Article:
Johns Hopkins University led the U.S. in higher education research spending for the 35th consecutive year in fiscal 2013, with $2.2 billion for medical, science, and engineering research, according to the National Science Foundation.
The university also once again ranked first on the NSF's separate list of federally funded research and development, spending $1.89 billion in fiscal year 2013 on research supported by NSF, NASA, the National Institutes of Health, and the Department of Defense.
At Johns Hopkins, research and development money supports investigations into everything from the origins of the universe to potentially lifesaving medical treatments. Recently researchers have studied the implications of climate change, better protection for those treating Ebola, brain injuries in NFL players, how race and ethnicity might link to asthma, and how black holes can block stars.
"This ranking indicates that in an ever more challenging environment, Johns Hopkins faculty continues to secure funding for research that saves lives, leads to technological breakthroughs and inspires new views in the arts and humanities," said Denis Wirtz, the university's vice provost for research and co-director of Johns Hopkins' Institute for NanoBioTechnology.
The total funding ranking includes research support not only from federal agencies, but also from foundations, corporations and other sources.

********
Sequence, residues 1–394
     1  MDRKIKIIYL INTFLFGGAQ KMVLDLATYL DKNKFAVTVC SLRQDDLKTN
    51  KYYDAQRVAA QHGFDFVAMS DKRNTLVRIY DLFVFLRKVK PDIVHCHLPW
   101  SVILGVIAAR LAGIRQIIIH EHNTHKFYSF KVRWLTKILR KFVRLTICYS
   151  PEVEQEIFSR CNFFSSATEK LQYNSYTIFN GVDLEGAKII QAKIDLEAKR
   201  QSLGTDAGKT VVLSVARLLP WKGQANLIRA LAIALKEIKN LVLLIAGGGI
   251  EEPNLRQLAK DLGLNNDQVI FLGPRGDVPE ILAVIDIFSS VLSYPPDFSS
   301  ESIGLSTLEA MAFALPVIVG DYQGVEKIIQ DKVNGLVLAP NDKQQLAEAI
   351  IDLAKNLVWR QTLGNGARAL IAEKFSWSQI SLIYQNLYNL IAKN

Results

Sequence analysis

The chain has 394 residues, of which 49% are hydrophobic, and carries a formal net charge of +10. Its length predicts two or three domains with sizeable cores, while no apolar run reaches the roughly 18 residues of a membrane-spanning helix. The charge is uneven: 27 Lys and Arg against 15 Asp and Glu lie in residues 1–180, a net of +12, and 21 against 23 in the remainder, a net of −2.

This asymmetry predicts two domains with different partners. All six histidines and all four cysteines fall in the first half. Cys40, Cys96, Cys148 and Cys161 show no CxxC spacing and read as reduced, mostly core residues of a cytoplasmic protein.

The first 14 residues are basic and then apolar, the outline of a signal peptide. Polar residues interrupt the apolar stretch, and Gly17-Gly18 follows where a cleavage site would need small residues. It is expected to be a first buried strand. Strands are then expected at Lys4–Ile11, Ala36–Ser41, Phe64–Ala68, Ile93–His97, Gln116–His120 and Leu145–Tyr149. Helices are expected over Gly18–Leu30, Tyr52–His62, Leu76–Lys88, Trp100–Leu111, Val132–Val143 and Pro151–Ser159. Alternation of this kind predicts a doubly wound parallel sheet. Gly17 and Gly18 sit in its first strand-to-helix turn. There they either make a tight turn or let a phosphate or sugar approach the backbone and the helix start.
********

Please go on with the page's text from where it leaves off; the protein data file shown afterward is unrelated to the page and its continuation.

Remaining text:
Johns Hopkins has led the NSF's total research expenditure ranking each year since 1979, when the agency's methodology changed to include spending by the Applied Physics Laboratory—a research-focused division—in the university's totals.
In fiscal year 2002, Johns Hopkins became the first university to reach the $1 billion mark on both lists, recording $1.4 billion in total research and $1 billion in federally sponsored research that year.
Johns Hopkins research is also supported by funding from private sources and from return on investment from past discoveries. In fiscal 2013, Johns Hopkins earned $22.7 million from more than 800 licenses and their associated patents. During that time the institution spun off 12 new companies.
In the new survey, the University of Michigan ranked second in research and development with $1.27 billion. Rounding out the list's top five are: the University of Washington, Seattle, at $1.2 billion; followed by the University of Wisconsin, Madison, at $1.1 billion; and University of California, San Diego, at $1 billion.
Looking at all colleges and universities—645 were included in the survey—total research spending in 2013 rose slightly from the previous year to $67 billion, compared with $65.7 in fiscal 2012.
However, the portion of that total that came from federal agencies fell 1.7 percent, from $40.1 billion in 2012 to $39.4 billion. The decrease in research funding has been particularly hard on young scientists, Johns Hopkins president Ronald J. Daniels wrote in a recent article in the journal Proceedings of the National Academy of Sciences.